At 4:00 p.m. the closing bell rings. The next ten or fifteen minutes are spent making sure everything closed OK and there are no problems.

At 4:15 the floor brokers head for the door. They're done for the day.

That's what they do, here are some things they don't do. First off, they don't trade mortgage-backed securities on the NYSE floor.

'Most people don't know what we do. The floor of the NYSE is the symbol of Wall Street, so yes, when they show the floor, they relate the financial crisis to the floor. I've said before, 'Hello, we don't trade mortgage backed securities here,' our source said.

Another big misconception is that the NYSE floor is 'out of date' and has 'old systems.'

'That could not be further from the truth,' our source explained.

'It's not a matter of the floor vs. electronic trading. Almost all the trading we down here is electronic, but with a human touch.'

For example, all the brokers have hand-held computers like mini iPads, which are constantly updated with news releases.

They also have access to any and every OMS, algo, or computer program. What's more is some of the algos are only for floor brokers -- ones that take into account parity and the open/close, our source said.

The NYSE floor isn't like the rest of Wall Street (big banks and hedge funds). There are several people on the NYSE floor who didn't even go to college.

'Unlike other places on Wall Street, the floor has a unique collection of employees,' the source said.

'Not like investment bankers where almost everyone come from an Ivy League school, a lot of the guys down here never even went to college, but worked at delis, auction houses and other fast-paced environments.'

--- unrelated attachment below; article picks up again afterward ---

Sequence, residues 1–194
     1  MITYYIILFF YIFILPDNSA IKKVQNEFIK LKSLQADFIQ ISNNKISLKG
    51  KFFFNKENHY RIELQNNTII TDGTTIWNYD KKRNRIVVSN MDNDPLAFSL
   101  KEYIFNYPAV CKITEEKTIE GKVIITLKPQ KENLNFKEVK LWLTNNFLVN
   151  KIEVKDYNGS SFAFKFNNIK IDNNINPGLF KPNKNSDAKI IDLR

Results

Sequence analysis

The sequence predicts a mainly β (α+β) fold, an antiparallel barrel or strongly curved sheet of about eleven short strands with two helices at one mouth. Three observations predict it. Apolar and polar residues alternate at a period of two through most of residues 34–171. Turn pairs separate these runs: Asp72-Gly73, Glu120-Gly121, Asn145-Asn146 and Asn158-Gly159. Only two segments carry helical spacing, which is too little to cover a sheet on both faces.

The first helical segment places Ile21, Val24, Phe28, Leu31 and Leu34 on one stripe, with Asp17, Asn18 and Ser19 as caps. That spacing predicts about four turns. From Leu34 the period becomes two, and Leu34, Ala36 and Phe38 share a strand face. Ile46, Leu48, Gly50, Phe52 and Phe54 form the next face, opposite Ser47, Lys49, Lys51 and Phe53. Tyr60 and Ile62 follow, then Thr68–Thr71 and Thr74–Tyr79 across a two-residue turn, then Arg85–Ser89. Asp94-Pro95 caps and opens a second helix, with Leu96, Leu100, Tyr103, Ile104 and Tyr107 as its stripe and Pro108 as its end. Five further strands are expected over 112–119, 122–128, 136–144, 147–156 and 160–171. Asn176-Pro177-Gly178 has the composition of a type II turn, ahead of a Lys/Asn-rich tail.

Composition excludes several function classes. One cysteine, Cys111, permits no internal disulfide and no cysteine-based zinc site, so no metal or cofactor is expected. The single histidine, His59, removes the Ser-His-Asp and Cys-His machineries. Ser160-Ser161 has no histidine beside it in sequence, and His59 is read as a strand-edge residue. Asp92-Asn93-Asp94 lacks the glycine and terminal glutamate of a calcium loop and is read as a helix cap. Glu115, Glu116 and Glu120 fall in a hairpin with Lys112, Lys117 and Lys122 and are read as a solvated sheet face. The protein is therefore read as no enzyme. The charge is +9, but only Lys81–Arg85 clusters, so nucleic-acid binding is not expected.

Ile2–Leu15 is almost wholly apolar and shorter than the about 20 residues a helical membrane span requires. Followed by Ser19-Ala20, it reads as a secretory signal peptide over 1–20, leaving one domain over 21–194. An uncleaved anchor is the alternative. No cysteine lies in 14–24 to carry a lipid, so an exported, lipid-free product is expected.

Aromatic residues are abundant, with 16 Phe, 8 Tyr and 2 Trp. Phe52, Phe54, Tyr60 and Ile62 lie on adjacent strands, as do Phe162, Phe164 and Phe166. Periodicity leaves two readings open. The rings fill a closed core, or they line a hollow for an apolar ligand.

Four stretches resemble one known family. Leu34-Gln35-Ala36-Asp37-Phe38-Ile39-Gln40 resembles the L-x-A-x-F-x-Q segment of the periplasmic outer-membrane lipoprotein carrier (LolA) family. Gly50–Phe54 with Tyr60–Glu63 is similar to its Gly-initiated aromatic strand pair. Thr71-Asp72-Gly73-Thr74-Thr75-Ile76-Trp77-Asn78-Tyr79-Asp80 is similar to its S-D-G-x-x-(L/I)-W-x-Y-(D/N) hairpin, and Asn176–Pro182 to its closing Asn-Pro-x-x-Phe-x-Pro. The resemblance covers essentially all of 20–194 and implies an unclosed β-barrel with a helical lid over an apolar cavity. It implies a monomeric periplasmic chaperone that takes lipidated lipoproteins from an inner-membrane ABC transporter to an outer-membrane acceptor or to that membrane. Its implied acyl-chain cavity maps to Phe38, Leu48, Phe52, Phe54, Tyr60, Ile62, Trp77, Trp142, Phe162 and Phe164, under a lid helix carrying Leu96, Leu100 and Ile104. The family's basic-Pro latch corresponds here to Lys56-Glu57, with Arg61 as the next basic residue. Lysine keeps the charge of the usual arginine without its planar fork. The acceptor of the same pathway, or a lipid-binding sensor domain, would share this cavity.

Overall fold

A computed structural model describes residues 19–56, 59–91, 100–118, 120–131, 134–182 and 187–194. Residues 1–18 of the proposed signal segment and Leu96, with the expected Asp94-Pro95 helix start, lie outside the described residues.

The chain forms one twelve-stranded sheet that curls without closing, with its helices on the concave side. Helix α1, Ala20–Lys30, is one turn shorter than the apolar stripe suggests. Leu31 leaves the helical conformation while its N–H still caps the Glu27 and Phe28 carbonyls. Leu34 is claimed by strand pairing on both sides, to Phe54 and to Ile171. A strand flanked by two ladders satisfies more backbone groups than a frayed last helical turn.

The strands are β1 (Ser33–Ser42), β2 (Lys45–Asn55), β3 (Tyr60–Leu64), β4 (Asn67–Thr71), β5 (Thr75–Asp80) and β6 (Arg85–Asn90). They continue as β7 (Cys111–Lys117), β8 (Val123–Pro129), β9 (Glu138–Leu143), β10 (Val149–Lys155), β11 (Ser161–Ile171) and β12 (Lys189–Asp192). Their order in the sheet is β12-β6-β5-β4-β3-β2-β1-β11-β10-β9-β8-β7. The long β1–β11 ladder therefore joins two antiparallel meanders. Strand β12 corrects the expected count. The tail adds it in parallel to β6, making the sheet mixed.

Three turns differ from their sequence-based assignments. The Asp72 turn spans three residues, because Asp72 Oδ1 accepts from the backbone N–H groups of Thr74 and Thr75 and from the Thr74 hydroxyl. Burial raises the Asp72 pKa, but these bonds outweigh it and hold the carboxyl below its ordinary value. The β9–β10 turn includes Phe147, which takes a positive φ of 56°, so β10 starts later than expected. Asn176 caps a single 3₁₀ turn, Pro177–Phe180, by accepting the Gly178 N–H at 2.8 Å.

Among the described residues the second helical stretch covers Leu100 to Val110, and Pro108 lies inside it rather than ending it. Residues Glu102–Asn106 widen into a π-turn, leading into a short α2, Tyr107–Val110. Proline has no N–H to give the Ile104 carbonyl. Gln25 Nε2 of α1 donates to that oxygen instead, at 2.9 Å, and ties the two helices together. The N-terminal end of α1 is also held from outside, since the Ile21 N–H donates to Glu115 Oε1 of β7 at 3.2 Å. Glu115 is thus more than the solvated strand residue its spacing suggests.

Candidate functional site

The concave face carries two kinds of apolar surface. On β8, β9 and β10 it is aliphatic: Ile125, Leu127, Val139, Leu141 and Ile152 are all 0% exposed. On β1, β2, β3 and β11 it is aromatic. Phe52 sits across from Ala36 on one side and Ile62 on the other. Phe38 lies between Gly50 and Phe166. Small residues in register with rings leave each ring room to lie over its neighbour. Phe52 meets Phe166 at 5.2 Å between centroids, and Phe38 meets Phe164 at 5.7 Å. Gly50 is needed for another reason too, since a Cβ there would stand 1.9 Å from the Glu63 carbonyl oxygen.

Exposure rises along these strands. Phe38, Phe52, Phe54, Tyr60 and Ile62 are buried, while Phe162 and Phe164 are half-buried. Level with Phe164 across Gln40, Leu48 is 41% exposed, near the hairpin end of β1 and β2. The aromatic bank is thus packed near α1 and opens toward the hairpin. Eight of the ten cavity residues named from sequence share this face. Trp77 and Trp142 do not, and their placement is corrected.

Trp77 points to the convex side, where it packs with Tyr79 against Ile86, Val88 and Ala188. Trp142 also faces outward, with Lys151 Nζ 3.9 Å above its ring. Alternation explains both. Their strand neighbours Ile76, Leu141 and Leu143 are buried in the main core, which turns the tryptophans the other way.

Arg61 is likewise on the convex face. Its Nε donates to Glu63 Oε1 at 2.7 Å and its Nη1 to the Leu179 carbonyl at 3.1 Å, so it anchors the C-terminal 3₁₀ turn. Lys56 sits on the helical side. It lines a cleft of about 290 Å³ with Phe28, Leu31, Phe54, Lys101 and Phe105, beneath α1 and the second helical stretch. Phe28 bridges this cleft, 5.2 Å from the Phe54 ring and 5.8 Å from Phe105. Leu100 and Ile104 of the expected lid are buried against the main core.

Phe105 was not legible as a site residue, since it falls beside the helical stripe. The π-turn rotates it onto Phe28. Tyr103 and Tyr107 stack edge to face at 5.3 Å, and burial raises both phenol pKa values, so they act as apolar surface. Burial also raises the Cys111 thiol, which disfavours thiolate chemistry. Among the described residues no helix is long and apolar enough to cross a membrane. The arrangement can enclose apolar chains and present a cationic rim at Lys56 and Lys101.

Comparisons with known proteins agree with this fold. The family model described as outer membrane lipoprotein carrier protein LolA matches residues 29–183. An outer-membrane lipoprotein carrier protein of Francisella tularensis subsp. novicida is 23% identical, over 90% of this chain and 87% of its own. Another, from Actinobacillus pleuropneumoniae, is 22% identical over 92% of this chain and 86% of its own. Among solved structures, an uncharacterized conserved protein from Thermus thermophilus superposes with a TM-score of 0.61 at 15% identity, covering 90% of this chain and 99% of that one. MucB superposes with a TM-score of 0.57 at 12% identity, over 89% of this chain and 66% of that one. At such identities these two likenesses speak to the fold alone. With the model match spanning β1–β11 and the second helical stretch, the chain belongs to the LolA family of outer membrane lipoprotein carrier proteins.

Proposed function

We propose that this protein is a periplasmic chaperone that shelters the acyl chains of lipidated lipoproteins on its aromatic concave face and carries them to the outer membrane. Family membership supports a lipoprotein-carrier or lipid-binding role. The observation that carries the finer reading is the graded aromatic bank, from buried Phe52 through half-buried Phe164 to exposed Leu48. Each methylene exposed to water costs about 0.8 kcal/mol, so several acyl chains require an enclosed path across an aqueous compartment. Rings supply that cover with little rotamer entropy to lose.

There's also a good amount of former athletes and army vets on the floor, our source said.

Going to a top college isn't what matters on the floor, it's about having a good work ethic.

It's important to be able to remember orders and instructions.

It's also very important to have good work ethic.

'We don't care what college you went to, but if you're good with numbers, will be on time and not cry when someone yells at you. Those are more important things than your GPA and college,' the source said.

Even though there are fewer people on the floor these days, it's still a 'very fast-paced' environment.

The work environment on the floor is 'very fast-paced.' However, it's not like it was five or ten years ago.

These days there's more IM chatting than talking on the phone and more computers down here trading that human yelling and screaming, our source explained.

The people on the floor talk about having a sense of camaraderie amongst each other.

'There's great camaraderie between the guys down here. People always have each others back even though they may have fought that morning. It's kind of like a brother-sister relationship.'

Our source added that they do a lot of charity work and 'will always help out a fellow floor broker's sick kid or parents.'

If you want a job on the floor, you typically have to know somebody.

Getting to be a floor broker can be 'tough.'

'These jobs are not posted on Monster.com. You have to know somebody to get down here.'

Now let's see more of the stock exchange...